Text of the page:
A Not-a-Mother’s Thoughts on Mother’s Day
I am beyond thrilled at the launch of this new website, and to have been asked to contribute regularly, along with these lovely women who emulate faith and strength, honesty and humor. They are my childless sisters, and I know others will come to love them as much as I have. We feel so blessed and humbled to have the opportunity to serve and strengthen those who share our path, and are so looking forward to coming to know and love them too! Much thanks to Jamie for her vision and hard work that thought and brought this website into being, and her invitation to post a talk I gave this past Mother’s Day to get things started off. And on that note . . . here we go!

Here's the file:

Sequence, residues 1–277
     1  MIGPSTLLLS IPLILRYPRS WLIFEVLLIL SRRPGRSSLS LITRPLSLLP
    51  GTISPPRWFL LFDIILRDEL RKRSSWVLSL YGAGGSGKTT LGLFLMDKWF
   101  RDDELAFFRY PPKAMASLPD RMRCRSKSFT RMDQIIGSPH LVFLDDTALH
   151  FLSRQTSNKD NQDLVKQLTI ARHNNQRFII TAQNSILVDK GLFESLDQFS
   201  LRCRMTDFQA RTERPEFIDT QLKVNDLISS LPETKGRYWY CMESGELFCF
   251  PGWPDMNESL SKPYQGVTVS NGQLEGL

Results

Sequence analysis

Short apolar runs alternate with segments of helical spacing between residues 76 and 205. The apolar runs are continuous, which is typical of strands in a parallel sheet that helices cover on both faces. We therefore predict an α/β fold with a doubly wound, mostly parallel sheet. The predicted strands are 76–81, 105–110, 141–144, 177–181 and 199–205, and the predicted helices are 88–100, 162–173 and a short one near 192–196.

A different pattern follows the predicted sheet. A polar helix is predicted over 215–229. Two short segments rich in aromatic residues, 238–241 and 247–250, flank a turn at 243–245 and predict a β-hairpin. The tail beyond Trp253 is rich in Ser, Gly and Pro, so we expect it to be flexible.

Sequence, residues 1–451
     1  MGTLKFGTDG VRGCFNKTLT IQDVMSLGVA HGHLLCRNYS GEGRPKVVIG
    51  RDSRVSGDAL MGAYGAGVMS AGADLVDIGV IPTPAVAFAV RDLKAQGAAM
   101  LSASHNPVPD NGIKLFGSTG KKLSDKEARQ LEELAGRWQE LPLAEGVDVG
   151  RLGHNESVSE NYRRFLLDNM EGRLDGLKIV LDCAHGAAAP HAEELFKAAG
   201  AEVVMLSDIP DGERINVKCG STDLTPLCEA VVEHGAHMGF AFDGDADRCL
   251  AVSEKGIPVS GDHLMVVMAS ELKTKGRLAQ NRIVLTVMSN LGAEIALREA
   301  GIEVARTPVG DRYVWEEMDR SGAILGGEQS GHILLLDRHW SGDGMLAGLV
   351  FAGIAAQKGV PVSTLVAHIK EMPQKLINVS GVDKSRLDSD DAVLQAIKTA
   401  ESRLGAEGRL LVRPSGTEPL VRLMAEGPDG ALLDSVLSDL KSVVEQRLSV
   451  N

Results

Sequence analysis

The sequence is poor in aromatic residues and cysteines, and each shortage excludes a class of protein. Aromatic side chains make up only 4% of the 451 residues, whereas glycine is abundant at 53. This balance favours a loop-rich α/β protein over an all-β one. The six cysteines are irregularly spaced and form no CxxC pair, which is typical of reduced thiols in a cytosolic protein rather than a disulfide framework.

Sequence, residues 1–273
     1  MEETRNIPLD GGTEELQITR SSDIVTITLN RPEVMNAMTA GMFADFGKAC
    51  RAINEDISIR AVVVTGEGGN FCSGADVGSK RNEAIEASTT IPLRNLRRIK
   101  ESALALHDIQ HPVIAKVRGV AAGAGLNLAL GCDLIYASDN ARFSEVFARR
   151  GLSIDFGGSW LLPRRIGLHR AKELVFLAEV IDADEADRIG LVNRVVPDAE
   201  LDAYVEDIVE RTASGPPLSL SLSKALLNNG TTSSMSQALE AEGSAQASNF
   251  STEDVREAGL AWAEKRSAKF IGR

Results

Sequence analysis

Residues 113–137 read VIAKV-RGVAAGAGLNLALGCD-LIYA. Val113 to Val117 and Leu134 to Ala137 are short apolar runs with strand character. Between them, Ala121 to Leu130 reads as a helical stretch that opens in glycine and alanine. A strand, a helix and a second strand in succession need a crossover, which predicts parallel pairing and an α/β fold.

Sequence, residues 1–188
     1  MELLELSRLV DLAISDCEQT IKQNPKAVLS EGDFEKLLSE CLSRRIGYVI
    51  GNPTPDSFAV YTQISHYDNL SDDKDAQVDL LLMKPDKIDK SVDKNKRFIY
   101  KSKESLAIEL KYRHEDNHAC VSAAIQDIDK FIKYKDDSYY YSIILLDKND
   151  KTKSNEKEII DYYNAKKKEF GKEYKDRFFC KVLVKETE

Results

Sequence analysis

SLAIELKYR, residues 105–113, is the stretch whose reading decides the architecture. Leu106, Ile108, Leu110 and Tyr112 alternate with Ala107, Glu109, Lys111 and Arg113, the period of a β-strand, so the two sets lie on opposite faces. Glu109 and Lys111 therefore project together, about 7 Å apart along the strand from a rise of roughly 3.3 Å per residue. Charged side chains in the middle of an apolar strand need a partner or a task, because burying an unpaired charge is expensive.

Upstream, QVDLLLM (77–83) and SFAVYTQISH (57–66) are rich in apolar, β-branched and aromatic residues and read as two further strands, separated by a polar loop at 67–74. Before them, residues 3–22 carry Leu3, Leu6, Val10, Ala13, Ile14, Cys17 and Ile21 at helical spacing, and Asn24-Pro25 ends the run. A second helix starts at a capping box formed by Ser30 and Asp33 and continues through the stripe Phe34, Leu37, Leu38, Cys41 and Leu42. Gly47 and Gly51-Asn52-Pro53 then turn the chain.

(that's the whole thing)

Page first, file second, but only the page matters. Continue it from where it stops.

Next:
Originally posted on https://www.facebook.com/notes/janell-jensen-gehmlich/an-lds-not-a-mothers-perspective-on-mothers-day/10151629608803566?pnref=lhc
May 12, 2013
I was asked to be the closing speaker for our Mother’s Day Sacrament Meeting today. I said no- something that I almost never do. Speaking in Sacrament Meeting- no problem. On Mother’s Day? Why me? Anything I have to say would be, well, not the usual Mother’s Day fare. Time to broaden some horizons, I was told. We want and need more than one point of view. Will you share yours? So, I said I would. This is it.
There is a rather interesting story leading up to me standing at this podium today, which I am not going to share, but the conclusion is that I am here, even though I don’t really do Mother’s Day. I will explain why- we’ll see if I can get through this.